Hyundai unveiled a redesigned version of its Sonata Hybrid sedan at the 2015 North American International Auto Show in Detroit. This follows the implementation of a new design for the gas-powered version in 2014, which brought improvements in styling, comfort and ride quality. The icing on the cake is the introduction of a Sonata variant that can be plugged in—for greater efficiency and power.
The look of the Sonata’s hybrid versions—both with and without plugs—is very close to the base model. The gas-electric model carries a unique front and rear fascia, and aerodynamic wheels, which helps it achieve a low drag coefficient of 0.24. The plug-in hybrid version takes on a unique grille and a charge port on the front driver’s side. Other PHEV flourishes include special front fenders, front and rear lights, chrome side sill moldings, hybrid badging and new wheels.
Both models will arrive in dealerships later this year.
Sonata Plug-in Hybrid uses a six-speed automatic transmission with Hyundai’s Transmission-Mounted Electrical Device (TMED), a 50 kW electric motor, in place of a torque converter. The 50-kW electric motor is 32 percent more powerful than the motor used the in regular Sonata Hybrid and allows EV operation at higher speeds.
A 2.0-liter four-cylinder GDI engine coupled with the electric motor allows the Sonata Plug-in Hybrid to operate just like the Sonata Hybrid once the onboard battery charge is depleted. Sonata PHEV’s engine produces 154 horsepower and 140 lb. ft. of torque and the total system output is 202 horsepower at 6,000 rpm.
This gives the Sonata Plug-in Hybrid more oomph than any other plug-in hybrid on the market—handily beating the Volt’s 149 ponies, while beating the 188-hp Ford Fusion Energi and edging out the 195-hp Honda Accord Plug-in Hybrid.
The 2016 Hyundai Sonata Plug-in Hybrid can travel about 27 miles purely on electric power, before the gas engine is called into service. Its 9.8-kWh lithium polymer battery pack—while significantly smaller than the Volt’s pack—is 40 percent larger than what’s offered in plug-in hybrids from Ford and Honda.
The Sonata PHEV is expected to deliver 93 MPGe combined in EV mode based on Hyundai’s estimates. After the battery is depleted, the vehicle still managed a very efficient 40 miles to the gallon.
Based on Hyundai’s preliminary specs, the Sonata Plug-in Hybrid (like its PHEV competition) uses a 3.3-kW charger. That’s fast enough to fill up an empty battery from a 240-volt source in about two and a half hours. However, buyers can get away without installing a 240-volt home charging station—and simply provided the provided cord set in standard 120-volt outlet. That pushes a full charge to about five hours, which on most days is completely adequate. Remember, if you don’t have time for a full charge, the car will still efficiently operate like a 40-mpg midsize hybrid.
Owners can manage the Sonata Plug-In Hybrid’s charging schedule via an exclusive Blue Link smartphone app. Drivers with attractive time-of-use electric rates can schedule charging to occur off-peak, when rates are the lowest.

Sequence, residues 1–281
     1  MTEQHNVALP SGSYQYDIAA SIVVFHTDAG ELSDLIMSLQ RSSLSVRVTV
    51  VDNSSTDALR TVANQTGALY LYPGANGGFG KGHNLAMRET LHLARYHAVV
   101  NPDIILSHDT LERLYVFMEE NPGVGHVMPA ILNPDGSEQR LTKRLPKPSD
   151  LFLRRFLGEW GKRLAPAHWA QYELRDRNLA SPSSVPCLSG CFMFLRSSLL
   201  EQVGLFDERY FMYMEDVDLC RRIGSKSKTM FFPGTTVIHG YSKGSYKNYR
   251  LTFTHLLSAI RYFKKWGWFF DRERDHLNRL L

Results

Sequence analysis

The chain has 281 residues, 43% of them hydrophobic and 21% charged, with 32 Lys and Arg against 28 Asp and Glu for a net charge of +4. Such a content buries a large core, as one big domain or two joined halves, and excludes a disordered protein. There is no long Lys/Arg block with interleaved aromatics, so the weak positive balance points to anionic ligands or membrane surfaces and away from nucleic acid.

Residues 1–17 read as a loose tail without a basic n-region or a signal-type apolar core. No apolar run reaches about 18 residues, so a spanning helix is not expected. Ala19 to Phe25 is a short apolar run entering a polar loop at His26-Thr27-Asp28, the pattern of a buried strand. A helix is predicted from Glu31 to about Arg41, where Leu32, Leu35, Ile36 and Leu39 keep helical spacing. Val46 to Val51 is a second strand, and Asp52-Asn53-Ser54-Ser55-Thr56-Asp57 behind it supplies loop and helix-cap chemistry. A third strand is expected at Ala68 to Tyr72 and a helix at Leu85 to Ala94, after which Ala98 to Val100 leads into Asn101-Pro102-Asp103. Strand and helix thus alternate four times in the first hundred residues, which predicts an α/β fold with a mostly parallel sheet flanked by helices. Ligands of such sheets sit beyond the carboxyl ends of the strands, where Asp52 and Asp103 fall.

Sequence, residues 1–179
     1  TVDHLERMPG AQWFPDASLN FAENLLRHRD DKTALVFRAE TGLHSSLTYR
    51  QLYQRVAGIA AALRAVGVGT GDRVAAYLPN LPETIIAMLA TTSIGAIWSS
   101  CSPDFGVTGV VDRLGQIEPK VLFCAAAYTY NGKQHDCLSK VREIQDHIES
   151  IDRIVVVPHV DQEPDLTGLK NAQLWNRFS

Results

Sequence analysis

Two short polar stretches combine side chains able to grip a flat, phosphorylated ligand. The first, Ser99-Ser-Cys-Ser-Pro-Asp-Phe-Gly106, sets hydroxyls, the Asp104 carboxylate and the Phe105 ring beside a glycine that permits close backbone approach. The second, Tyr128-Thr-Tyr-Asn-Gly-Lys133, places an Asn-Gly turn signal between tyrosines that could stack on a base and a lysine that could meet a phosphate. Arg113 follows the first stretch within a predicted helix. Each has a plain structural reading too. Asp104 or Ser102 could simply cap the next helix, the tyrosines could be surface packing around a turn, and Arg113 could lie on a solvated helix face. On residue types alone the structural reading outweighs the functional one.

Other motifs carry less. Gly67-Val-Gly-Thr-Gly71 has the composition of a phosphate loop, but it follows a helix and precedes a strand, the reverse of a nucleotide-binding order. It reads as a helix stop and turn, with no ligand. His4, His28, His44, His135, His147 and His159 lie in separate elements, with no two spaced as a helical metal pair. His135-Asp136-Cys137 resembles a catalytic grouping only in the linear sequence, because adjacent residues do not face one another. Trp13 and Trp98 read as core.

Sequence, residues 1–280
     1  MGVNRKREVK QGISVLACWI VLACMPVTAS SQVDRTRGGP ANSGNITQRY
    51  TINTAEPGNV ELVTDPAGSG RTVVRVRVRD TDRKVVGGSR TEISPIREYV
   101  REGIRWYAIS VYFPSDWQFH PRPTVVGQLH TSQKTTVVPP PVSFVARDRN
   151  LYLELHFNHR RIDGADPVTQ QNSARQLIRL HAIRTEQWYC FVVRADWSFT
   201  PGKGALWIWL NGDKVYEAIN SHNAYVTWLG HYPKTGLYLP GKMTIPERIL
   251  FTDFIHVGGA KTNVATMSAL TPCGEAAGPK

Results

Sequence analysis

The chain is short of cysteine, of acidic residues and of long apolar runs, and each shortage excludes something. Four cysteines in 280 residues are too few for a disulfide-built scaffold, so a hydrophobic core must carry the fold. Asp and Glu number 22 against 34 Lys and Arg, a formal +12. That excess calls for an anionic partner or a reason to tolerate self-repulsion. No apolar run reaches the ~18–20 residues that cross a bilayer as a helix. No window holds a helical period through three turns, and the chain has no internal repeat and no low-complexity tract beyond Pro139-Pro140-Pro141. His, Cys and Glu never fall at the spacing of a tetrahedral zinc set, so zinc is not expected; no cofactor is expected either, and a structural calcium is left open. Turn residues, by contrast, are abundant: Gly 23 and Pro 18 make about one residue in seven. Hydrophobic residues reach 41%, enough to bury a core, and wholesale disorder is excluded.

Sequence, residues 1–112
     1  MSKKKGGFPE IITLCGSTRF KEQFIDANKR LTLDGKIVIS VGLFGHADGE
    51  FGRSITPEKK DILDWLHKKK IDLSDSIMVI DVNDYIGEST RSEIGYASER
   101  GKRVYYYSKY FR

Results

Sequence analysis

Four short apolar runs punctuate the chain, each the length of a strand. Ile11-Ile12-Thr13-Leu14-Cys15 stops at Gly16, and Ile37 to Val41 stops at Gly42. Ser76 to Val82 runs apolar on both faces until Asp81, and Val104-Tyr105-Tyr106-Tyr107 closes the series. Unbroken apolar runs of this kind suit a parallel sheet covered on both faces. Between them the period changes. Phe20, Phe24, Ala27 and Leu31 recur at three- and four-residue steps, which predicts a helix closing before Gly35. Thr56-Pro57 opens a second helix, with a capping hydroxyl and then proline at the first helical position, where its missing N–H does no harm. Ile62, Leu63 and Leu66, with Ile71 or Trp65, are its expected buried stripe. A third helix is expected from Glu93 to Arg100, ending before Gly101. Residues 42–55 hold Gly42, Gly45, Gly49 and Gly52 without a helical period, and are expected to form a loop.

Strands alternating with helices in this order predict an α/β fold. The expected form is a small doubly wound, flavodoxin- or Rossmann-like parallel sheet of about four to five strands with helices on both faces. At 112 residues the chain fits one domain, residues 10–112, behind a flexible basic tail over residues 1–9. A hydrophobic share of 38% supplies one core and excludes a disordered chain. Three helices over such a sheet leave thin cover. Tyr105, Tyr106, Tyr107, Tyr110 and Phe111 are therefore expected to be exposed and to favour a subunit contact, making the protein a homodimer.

The Sonata offers comfortable and spacious seating, front and back. Interior features are well designed, and intuitive. Bins and storage areas are thoughtfully arranged.
We expect only few interior changes in the plug-in Sonata. There’s a distinctive instrument cluster, providing drivers with additional EV information. In addition, a charge indicator is located on top of the dashboard to make it easy to see the state of charge from outside the vehicle.
Hyundai’s hands-free Smart Trunk is standard on the Sonata Plug-in Hybrid, as are an abundance of cutting edge infotainment features. The list of available options include an electronic parking brake with automatic vehicle hold, a driver memory seat, heated steering wheel, LED interior lights, ventilated front seats, power front seats with 4-way adjustable driver lumbar and Smart Cruise Control featuring full stop capability.
Official government safety ratings are not yet available. The 2016 Sonata Plug-in Hybrid comes standard with seven airbags, including a new driver’s knee airbag. Electronic Stability Control, Vehicle Stability Management, Traction Control, ABS and a Tire Pressure Monitoring System with individual tire pressure display, and a rearview camera are also standard. Projector headlamps are standard while HID headlamps are available.
Hyundai engineers implemented many standard active safety technologies—including Blind Spot Detection and Lane Change Assist—for the 2016 Sonata Plug-in Hybrid. Forward Collision Warning and Lane Departure Warning are also available.
Pricing for the Sonata plug-in hybrid starts at $35,400, including destination. The Premium trim, which adds high-tech driver assistance features, nicer appointments and upgraded audio brings the price to $39,400. Sonata PHEV buyers will be eligible for a $2,500 federal tax credit. Local incentives may also be available, for example, the clean vehicle rebate in California is an additional $1,500 and Sonata Plug-in Hybrid is eligible for California’s Green Clean Air Vehicle Decals that allow access to the HOV lanes.
The Hyundai Sonata Plug-in Hybrid will be available in California, Connecticut, Maine, Maryland, Massachusetts, New Jersey, New York, Oregon, Rhode Island and Vermont in late 2015.